Yeah, and I'm really excited to talk to you all to thank you for making it quite early in the morning for some of you. Before I get started, I do have this talk divided into advice for first time managers. And then later, first time managers of managers, can we do a quick poll in the chat to let me know if which half you're more interested in because I can divide my time either way. And I know a handful of questions came in that were mostly oriented toward first time manager. So I just want to gut check there before we get started. Otherwise, we can, we can get started. So as all of the as all those responses roll in, okay, lots of, okay, we've got, we've got both both coming in? Well, whatever it is for you. Congratulations, moving into your first management role, or your first time managing managers is both exciting and pretty scary. Because in both these transitions, you have to change the nature of the work you do, both from moving from an IC where your output is measured in the deliverables that you ship, you can maybe point to pieces of content or pieces of code, things that you've published as your output of work to management where everything gets a little more fuzzy, you can measure the success of your team, but your day to day is going to look like a lot of coaching. And then once you get into being a manager of managers, you have yet another level of abstraction of what is it that I do every day in order to set the organization up for success. And while it might feel when you're going from managing to managing managers, that oh, you know, it's just more management, it is a pretty distinct shift in how you need to spend your time to set up your organization for success. So it's, it's a weird shift. And it's great that you've got this peer group here in this meetup and also in the community slack because being able to bounce ideas off of other managers is an incredibly useful thing as you're making the transition. So for the first section, we're going to talk about some of the three things that I found very helpful retrospectively and moving into being a manager for the first time thinking about how to move your your work away from IC work into management work in a responsible fashion. Typically, if you're moving into a manager role, you are doing great as an individual contributor, nobody looks and says, you know, this person's skill set doesn't seem quite matched to the work that they do every day. But I bet they do a really great job leading the team. So chances are you have a certain amount of pride in your output in a way that you would have done things and giving that work away can feel scary. So there are some ways that you can do that responsibly. The next thing is about thinking of setting your team up for success within the context of your company. And also with the team that you have, what does success actually look like, especially when you're stepping in for the first time. And then the last piece is about fitting your team in within the broader organization and making sure that you as a manager are representing them well, internally and across to other teams. So to kick off on transitioning from I see, it's it's a strange time, especially if you're working in a smaller team where there is a period of time when you're what they call sometimes a player coach, it's not clear what responsibilities are still yours and what you're expected to hand off. If you're managing a very small team, like if you have one direct report, or only two direct reports, those are the most awkward times of managing any team when you only have one or two people who report to you. But it's creating a team report with three people or even with just one person can can feel very strange. So just know that that is a is a strange transition period. And it will get easier as you have more people and more relationships to define a sense of team. But one of the things that is going to be most helpful in this time period is having good contact with your own manager to figure out what deliverables or responsibilities are meant to stay on your plate. So for example, when I was the team's director at Slack, and I was where came with the partnerships team, there were certain partnerships that I was still the primary point of contact on for for technical work, because that was just the nature of the importance of the relationship you needed, you needed the title to say, like, look, this, this particular partner gets to be paired with somebody with a fancy title, so that they feel taken care of. And that's a very, I probably shouldn't put it so bluntly, but we're just being honest with each other that that is something that was important. So figuring out what work really needs to stay with you. And what you shouldn't give away is a good first conversation to have with your manager, that can also get you more comfortable in figuring out what your manager expects your measurable output to be. Because, like I said before, as you're getting a team together, and as they're starting to gel content that you might be writing might be something like a team charter, or it might be something like, you know, putting together your OKRs. And if I put together my OKRs, and that was my output for the week, something that feels awkward to you, it might, especially in the early days, so making sure that your manager is clear about what they expect from you in that whole transition will be will be very helpful. And by the way, as I'm talking, I'm very interruptible. So feel free to ping questions in the chat as you want to move forward. Since we're also talking as a group, potentially, of engineering leaders, frequently in engineering teams, you'll have a division of responsibility between an engineering manager and a tech lead. And if you're lucky enough to be in an organization that has both and you're not being expected to be both, it's a great time to sit down with your tech lead and figure out which of you is going to be responsible for which things and make sure you're on the same page about that. And also create a consistent escalation path. So if, for example, somebody on your team goes to the tech lead with something that is a people problem, that should really be going to you as an engineering manager, they know how to route that to you and encourage your team to bring that to you. And vice versa. You as an engineering manager may have to be very, very intentional about not creating technical guidance that goes against what your tech lead is trying to do or is just not strictly in lockstep, and being deferential towards what they're trying to do. helps you work better as a team. So have that meeting early. And often. It's not something that you that you set once and forget, it's you should have a regular cadence with your tech lead, not just in the meetings that you have in groups, but but one on one with them as well. And when you think about how you can make the mental shift between thinking of your output, before and after, sometimes if it helps you to think about categories of output, putting down the time you spent coaching, the time you spent communicating upward, outward and round, and the scaffolding to set your team up for success as your output. So what is scaffolding scaffolding might be things like creating your OKRs, it might be something like publishing a roadmap, communication would then be taking that roadmap and socializing it to other teams, it would be making sure you're synthesizing information that you're hearing from your manager and your managers manager, and making sure that it trickles down to your team so that everybody stays on the same page. It's a lot of that metalwork of making sure that left hand and right hand, no upper, whatever one is doing. And while you're making this transition, it is going to be really tempting to keep on doing some of the work that you're doing, especially if you took pride in the work that you do on a regular basis. So when you're thinking about how to hand off the work that really should no longer be yours. Some questions that you can ask yourself that are helpful are first, who do I have? Who's on my team? Are they Junior? Or the senior? What where are they looking to grow? And what coaching would I need to give them in order to hand this work to them, maybe you're very lucky, and you have a team of seniors and staff and you can just kind of mark off different pieces of your work to to each of them. And if that is your situation, amazing. That also means that you might have capacity to start hiring some junior folks who then the seniors have an opportunity to mentor. Similarly, if you only have say, one senior person or no senior people, and you have to figure out how you're going to hand off your work, you really have to think about your total capacity to coach the people who are going to need to do it over for you. And whether you need to, in fact, make a hiring plan where you can fill in some of those gaps. Because it's not sustainable for you as a new manager, or even a seasoned manager to have a slate of entirely Junior hires, who are going to need your coaching and help on every single task. You need to be able to have people at multiple levels throughout the team to be successful.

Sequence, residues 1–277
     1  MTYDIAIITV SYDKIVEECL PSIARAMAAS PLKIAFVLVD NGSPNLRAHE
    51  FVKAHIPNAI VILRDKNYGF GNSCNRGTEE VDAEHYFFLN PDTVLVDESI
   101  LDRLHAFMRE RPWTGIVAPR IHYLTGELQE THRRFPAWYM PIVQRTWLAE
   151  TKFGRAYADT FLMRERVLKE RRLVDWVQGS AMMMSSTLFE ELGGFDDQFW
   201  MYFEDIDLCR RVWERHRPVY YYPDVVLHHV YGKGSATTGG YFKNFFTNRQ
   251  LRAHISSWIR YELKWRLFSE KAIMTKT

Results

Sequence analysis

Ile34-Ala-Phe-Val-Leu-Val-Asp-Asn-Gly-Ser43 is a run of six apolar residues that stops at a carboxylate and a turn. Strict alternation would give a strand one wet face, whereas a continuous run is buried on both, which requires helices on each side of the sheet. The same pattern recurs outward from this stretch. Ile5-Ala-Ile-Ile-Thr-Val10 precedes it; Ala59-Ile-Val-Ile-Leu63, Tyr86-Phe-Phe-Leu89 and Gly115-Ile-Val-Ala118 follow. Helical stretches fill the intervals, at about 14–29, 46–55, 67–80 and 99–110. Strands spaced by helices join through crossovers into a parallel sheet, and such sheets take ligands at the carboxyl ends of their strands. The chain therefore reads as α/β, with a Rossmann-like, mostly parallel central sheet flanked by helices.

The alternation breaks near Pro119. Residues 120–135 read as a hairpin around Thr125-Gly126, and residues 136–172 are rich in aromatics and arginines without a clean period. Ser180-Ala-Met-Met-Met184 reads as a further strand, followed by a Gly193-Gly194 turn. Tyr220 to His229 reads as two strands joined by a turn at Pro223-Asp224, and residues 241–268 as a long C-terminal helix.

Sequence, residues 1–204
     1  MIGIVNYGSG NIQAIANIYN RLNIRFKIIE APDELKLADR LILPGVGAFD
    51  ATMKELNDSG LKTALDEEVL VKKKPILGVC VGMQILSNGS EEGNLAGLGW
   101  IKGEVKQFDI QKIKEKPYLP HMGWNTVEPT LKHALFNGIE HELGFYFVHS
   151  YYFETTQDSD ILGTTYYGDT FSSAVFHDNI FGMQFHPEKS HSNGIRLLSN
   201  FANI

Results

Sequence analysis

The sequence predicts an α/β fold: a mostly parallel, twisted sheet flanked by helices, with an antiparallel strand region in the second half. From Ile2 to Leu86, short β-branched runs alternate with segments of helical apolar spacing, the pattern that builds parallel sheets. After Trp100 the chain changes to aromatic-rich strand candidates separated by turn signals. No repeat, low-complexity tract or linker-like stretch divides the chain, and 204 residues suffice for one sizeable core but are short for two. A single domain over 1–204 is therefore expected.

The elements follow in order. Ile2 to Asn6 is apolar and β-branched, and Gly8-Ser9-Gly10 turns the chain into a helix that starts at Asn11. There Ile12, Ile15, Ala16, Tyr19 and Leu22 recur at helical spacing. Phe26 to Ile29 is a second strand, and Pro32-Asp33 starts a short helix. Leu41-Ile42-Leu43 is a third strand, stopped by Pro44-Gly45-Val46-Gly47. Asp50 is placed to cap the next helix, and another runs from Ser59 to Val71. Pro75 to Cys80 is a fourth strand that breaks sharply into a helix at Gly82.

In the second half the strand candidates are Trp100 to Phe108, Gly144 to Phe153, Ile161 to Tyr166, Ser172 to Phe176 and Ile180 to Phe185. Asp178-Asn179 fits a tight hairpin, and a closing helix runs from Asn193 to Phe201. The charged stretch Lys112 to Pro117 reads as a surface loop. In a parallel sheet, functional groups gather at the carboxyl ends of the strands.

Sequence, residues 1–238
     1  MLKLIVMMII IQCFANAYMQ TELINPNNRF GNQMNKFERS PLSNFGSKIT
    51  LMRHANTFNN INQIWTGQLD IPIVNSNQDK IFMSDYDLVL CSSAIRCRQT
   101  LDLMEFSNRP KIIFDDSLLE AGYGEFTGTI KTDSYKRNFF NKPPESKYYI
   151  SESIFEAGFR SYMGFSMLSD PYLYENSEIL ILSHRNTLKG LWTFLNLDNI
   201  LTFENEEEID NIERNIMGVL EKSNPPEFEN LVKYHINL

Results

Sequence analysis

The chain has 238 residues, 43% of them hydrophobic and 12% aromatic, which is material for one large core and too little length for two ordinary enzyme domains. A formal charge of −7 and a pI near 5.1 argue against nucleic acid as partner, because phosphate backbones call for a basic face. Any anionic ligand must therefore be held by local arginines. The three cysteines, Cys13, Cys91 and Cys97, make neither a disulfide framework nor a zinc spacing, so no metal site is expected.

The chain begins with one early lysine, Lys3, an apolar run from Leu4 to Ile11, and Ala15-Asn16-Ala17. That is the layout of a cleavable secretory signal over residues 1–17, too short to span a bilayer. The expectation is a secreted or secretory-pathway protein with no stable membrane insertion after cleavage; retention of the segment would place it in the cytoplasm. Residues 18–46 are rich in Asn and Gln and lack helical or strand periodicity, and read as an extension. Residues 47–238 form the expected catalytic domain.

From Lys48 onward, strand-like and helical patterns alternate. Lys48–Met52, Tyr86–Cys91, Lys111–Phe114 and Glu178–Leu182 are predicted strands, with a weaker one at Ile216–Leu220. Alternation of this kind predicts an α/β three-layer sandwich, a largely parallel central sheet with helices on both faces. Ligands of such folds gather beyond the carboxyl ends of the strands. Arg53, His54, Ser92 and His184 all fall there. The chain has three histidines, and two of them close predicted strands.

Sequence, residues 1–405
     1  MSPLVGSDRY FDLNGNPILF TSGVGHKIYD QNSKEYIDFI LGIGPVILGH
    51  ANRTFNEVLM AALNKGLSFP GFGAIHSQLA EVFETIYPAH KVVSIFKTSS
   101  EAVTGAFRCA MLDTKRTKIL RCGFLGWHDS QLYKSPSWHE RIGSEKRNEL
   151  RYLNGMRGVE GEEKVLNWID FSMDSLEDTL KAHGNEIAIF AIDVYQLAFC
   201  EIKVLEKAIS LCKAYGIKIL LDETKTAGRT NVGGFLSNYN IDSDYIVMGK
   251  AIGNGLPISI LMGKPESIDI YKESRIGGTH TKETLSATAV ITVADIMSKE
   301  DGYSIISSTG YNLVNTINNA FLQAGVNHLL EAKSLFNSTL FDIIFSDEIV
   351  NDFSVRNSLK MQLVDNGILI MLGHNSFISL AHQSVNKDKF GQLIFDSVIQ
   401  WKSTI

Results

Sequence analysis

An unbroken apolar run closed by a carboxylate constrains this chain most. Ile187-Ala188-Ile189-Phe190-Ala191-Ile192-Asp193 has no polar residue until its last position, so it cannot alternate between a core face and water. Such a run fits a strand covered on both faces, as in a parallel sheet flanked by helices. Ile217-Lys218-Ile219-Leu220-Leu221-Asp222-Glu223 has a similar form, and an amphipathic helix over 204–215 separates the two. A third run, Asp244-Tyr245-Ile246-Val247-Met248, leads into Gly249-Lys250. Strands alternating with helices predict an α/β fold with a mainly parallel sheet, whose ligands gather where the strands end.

That said, while you're handing off some of this work, and you're thinking about what does coaching look like for a junior team member who who might be interested in taking on this work. It's really helpful to take a step back and think of the project in terms of what you is a successful outcome, and what would failure really look like, so that you can let go of the precise way that you would have done it, and make room for new people with new ideas, to try out ways that they might have done a task. And that can be really hard, especially if you're in the middle of a project, and you really want it to be completed in the way that you had planned, somebody else is going to take it and leave their mark on it. And so the best advice that I have for how not to micromanage in that situation and take a deep breath and, and step back, is to figure out what what is what is the result of a failure here is it you know, the product launch gets delayed by three days, isn't that straight up a feature doesn't work is it that you know, you make architectural choices that are going to land you in deep tech debt later, those are different stakes results that you can organize around differently. So for example, if you think that one of the people that you're handing off work to is going to make what you are considering a mistake that is going to land you deep in tech debt for years, if you don't fix it, that's something that you jump in and fix. That's something that you coach, that's something that you really want to avoid letting happen. And that is your role as manager. And other things, if you think it's stylistic, and you just don't like their choices. Or if you think well, there's just going to be a little bit of a slower way to do things, that's a good time to step back. And let people have scope to try things out. Because if you think about your own career, and the times when you've learned the most, it's probably through a certain amount of failure. And failure to a certain degree is good for personal learning. But at the same time when you have customers. And when you have an organization and a team that are depending on you, you want to limit the scope of the of the impact of failure. So in every case, as you're handing your work off, think about what it means for somebody to do something differently from you and to where you really need to swoop in and where you can afford to step back and let them figure things out. Particularly as you're stepping in for the first time as a manager, the team is going to be really gelling around you finding their footing, figuring out what they like to do and what they can do best. So give people room to figure it out. But also find your boundaries of where your responsibility that's to the team and to the organization lie to backstop people so that they don't feel too hard, just a little bit. So when it comes to setting people up for success in that, you want to make sure that you're matching the people on your team with the size of the challenge that they're really ready for. One of the things that I find new managers do a lot, and it's very tempting is when you're new manager, you want to be the kind of manager that you've always wanted. And that may or may not be the manager, the individuals on your team meet. And in fact, you might need to be a different manager for different people on the team. And so one person's micromanagement is another person's adequate support in taking on a task. So when you're thinking about handing work over to people, and how to challenge them, and how to grow them, start with where they are right now, what are they good at? And what do you think will actually be a challenge for them? What, what is going to grow them both in terms of their own career goals. And it can be really useful if your company is at the stage where it has a formal career path or career ladder, to reference that and see the places where an individual could grow. So that you have guidance and thoughts about what will get them to the next level. And so after you've had that conversation with them, figuring out where do they want to grow? What are the things that they really need to level up? And then it's time to take a second and assess yourself? Are you personally equipped to support them in this challenge area? One of the great questions that we got ahead of this talk was how somebody as a non technical or not engineering experienced a leader can adequately support an engineering team. And so in the case, for example of leveling up somebody who is a junior engineer into a more senior position, you may need to realize, I am not equipped to give this person the technical feedback that they need to grow. And so you need to find somebody else who can team up with you and partner with you to support them in that way. And you don't need to think at any point that you as the manager of this team need to be the sole leader, the sole source of guidance, or there's all sorts of ideas. In fact, the sooner you let go of that being true, the more likely you are to both let your team grow and keep people happy. Good ideas can come from everywhere and support can come from everywhere too. In that vein, I also and this is potentially a controversial opinion people don't talk about it all the time. When it comes to people's skills and where they need to level up. I think it's perfectly okay not to be well rounded. If you are excellent at communication and you are are just really good at gathering people to do something together as a project manager, and you are an absolutely terrible public speaker, who cares? It's totally fine. Just focus on your strengths and really hone in on those. And it's it's good to be a specialist. Some people don't have the career goal of being a specialist. They want to be generalists and get good at being all rounders. But it's always good to clarify with people, if that's the direction that they want to go, because growth can happen in continued specialization and a skill growth can happen in terms of being organizationally senior, like, how good are you at influencing people? How good are you at bringing people along with you, things like that. And it doesn't have to be one size fits all. So spending time with your reports to figure out what right sizing looks like is a very good investment of your time. Especially as you've got a brand new team, sitting down and finding a shared purpose is going to be key for keeping people invested. And what do I mean by that, you can start with your team's specific contribution to the organization. And we're thinking about what your team's contribution is. See if you can get to a definition that can't be shared by any other team. Because where it gets sticky. And where it gets a little bit murky is if you say, well, we're the team that communicates with our technical customers and helps them be successful. That's too general, you probably have five or six different teams that can claim that that is what they do. You might have like your technical account managers, and your customer support and your developer relations team, what have you. So the more you can get hyper specific about what your team is there to solve as a problem, and how you partner with other teams, the more comfortable it can be to maintain those boundaries, and help people understand what it is, what is the reason that they have been grouped together to work. Visually exercises can feel really trite. And you don't need to keep on referencing your team vision ever again after you do it. But the conversation and the the course of bringing everybody's ideas together to talk about what matters to you. And also how you want to work can make everybody much more comfortable. So here's an example. If you're working with an open source focus team, and everyone on the team sort of agrees that your responsibility is to your open source community first and the company second. And people have stated that out loud to each other. That's something that creates a different level of trust among the teammates than if you think that there's somebody who's like, Well, I mean, we still work for a company, right? So we have to pay attention to the company's goals. And maybe that's not going to sit well with our customers. And that's that's my take both of those equally valid takes, by the way, but just the motion of having the conversation so that everyone understands where their coworkers stand, and whether there are ways that you as a group would prefer to serve your customers would prefer to resolve conflict would prefer to do work with other teams within the organization that can really help people get comfortable with one another and build trust that people are going to do things in a way that everyone agrees is the right way.